In 1959, Virginia Dwan, the sole heir to the 3M fortune, opened the Dwan Gallery nearby. The two galleries were basically the only show in town. Dennis Hopper was around a lot, as were the artists Sam Francis and Wallace Berman. Richard Cohan, who began working with Kienholz as his assistant at the age of 15 (his first task was sweeping the brush out of Kienholz’s yard so it wouldn’t catch fire), remembers days when he’d unload the art at Ferus with his friend Johnny Romain, then run over to Dwan to change into black pants and a black vest and serve Ritz crackers with cheese at an opening. In 1964, Ms. Dwan gave Mr. Kienholz his largest exposure up to that point, presenting a work called Back Seat Dodge ’38 (1964). The titular car has a truncated chassis, and inside is a couple—a plaster cast of a woman and the silhouette of a man constructed from chicken wire—clumsily having intercourse.
“There were three people who kept coming back to look at this piece,” said Mr. Cohan last week on the phone from California. He had helped cut the Dodge in half and was working the desk at Dwan a lot in those days. “Steve McQueen, James Garner and Paul Newman. They were all car nuts. Steve McQueen hadn’t made it yet, so he couldn’t afford it. James Garner didn’t have a place to put it. Joanne Woodward wouldn’t let Paul Newman buy it.” It was Back Seat Dodge that caused all the controversy at the 1966 LACMA show. It was an election year, so local politicians turned it into an issue of family values. Famously, it was displayed with the door shut, and it would only be opened at the request of a museum visitor who was at least 18—and even then, there couldn’t be any children in the room. People lined up.
WITHIN A YEAR OF MEETING, Edward and Ms. Kienholz had moved their children from different marriages in together and left for West Berlin.
“Back when East and West really meant something,” Ms. Kienholz said. “Like when the KGB was the KGB. And there we were.”
Edward had just finished the notorious Five Car Stud, one of the last works he’d make before beginning his collaboration with his wife. The piece is a life-size installation, exhibited on a dirt floor, of five men wearing Halloween masks. They’re carrying guns and knives, pinning down and castrating a black man while his white girlfriend vomits in a nearby corner. It is illuminated only by the headlamps of the five cars that encircle the scene. It was shown inside an inflatable dome at Documenta 5 in Kassel, Germany in 1972, and twice right after that, but until an exhibition at LACMA last year, had not been seen since 1973. For years, much of what the public knew of the piece was gleaned from a few blurry black-and-white photos taken from a distance by Mr. Hopps. The work was purchased by the Kawamura Museum in Sakura, Japan, but as it went through customs, the officials took chainsaws to it, removing the guns. It languished in storage for 40 years until Peter Boris, the executive vice president at Pace, working with L.A. Louver, sold it to the Prada Foundation in Italy, after a months-long restoration by Ms. Kienholz.
“It has a mojo to it,” she said. “Ed bought all the masks at the Hollywood Magic Store. And he was buying a whole bunch, and the owner left the room and called the police, because he thought, ‘This guy’s up to something.’ And the police came in and looked at him and said, ‘It’s just Ed. He’s okay.’ So instead of wearing hoods like they were KKK, they wore these masks.”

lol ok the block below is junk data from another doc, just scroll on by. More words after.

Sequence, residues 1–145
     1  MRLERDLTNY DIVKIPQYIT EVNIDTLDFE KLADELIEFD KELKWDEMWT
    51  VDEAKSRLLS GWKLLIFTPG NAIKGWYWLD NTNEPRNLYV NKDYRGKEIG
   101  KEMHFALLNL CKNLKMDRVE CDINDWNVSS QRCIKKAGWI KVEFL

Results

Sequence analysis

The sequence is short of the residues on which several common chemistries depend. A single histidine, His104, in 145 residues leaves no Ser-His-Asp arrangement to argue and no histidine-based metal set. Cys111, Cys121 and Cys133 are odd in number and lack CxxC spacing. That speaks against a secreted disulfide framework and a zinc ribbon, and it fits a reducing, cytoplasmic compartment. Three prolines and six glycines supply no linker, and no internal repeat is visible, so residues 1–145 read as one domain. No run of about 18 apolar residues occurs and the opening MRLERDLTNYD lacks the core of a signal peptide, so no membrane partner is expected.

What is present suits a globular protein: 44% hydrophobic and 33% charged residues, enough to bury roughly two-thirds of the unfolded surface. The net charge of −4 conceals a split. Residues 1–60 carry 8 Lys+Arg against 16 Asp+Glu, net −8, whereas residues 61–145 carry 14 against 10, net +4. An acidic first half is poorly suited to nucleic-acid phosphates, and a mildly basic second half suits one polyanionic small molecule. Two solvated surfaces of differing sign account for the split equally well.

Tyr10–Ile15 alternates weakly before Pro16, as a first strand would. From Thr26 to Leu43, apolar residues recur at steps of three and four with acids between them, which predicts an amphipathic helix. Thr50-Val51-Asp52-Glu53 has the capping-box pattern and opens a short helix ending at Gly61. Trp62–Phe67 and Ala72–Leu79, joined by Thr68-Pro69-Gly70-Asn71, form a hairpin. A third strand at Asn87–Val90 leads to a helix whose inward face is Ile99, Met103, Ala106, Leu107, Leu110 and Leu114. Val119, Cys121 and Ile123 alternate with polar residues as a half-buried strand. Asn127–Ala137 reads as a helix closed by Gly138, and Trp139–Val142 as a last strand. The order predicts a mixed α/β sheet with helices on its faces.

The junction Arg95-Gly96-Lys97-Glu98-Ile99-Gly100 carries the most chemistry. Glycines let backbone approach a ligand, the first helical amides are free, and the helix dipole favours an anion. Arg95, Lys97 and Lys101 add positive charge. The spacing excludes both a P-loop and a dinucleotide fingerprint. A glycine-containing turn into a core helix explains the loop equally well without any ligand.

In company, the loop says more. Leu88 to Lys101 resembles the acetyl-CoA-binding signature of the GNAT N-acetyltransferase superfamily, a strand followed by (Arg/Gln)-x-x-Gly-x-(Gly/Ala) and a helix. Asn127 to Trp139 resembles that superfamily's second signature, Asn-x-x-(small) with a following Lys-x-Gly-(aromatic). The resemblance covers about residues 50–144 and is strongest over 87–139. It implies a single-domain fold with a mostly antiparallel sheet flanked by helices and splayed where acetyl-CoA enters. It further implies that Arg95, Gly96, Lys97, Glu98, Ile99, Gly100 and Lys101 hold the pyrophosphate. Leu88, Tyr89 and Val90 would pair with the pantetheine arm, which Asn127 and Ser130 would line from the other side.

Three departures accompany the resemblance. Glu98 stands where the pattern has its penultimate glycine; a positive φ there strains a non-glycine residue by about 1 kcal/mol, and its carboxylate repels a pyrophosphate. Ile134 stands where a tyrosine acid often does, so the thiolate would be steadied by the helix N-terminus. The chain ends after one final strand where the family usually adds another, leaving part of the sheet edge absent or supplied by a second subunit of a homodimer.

It’s an eerily domestic detail, a kind of everyman’s racism that also buffers the palpable terror of the scene with a more campy, drive-in horror movie vibe. Mr. Cohan helped pull the engines out of the cars, and was also asked to model for the plaster cast of the man doing the cutting, but declined.
“But I asked Ed, ‘What are you gonna make the cock out of?’” he recalled. “And he said, ‘I’m gonna use the hardest steel I can find. If someone wanted to cut this thing off, they’d have to take a sledgehammer and a chisel, and then they’d probably have to burn it off, because I’m gonna cover it in fiberglass.’”
When Edward began working with Ms. Kienholz, the pieces became more self-assured, stronger in a physical sense. He was known for being a highly skilled craftsman, and his wife matched his abilities. (He also had a reputation as a staunch perfectionist. A bent nail would cost you your job.) They were building houses and making art together and churning out work like The Art Show (1964-77)—a caustic re-creation of an art gallery in which everyone inside has a face made of different kinds of hot air vents—and Sollie 17 (1979-80), maybe the only Kienholz work that feels sentimental. It features a group of men living in the squalor of a single room occupancy hotel, their glum faces cast in literal frames as they go about their business casually.
Their whole operation became a family affair. When they finished building the large triangular base on which the figures rest in The Ozymandias Parade, the Kienholzes invited their friends to their home in Hope and used it as a table for a dinner party. The general is a cast of Ms. Kienholz’s father, their friend and collector Monte Factor posed for the president, Bill Chatham, Edward’s son-in-law, is the vice president, and the overtax payer is a cast of Edward’s mother (who insisted the figure be labeled “overtax” and not just “tax”). The work is currently for sale, if you could imagine a place to put it, for a price that sources believe to be in the $5 million range.
The Kienholzes’ work became such a major part of their lives that when Edward died at the age of 66, Ms. Kienholz buried him, embalmed and sitting upright in a Packard coupe, which she drove into a big hole dug near their home in Idaho. Edward’s gambling buddies came and threw dollar bills into the grave. When they were starting to dig, one of her assistants said he had to run home and get a transom because the hole needed to line up perfectly with the house; “Ed would never forgive me if it was crooked,” he said. Ms. Kienholz had promised her husband she would do all this and made good on her word. “But I put him in the passenger seat,” she said. “I just couldn’t imagine going through eternity with him driving.”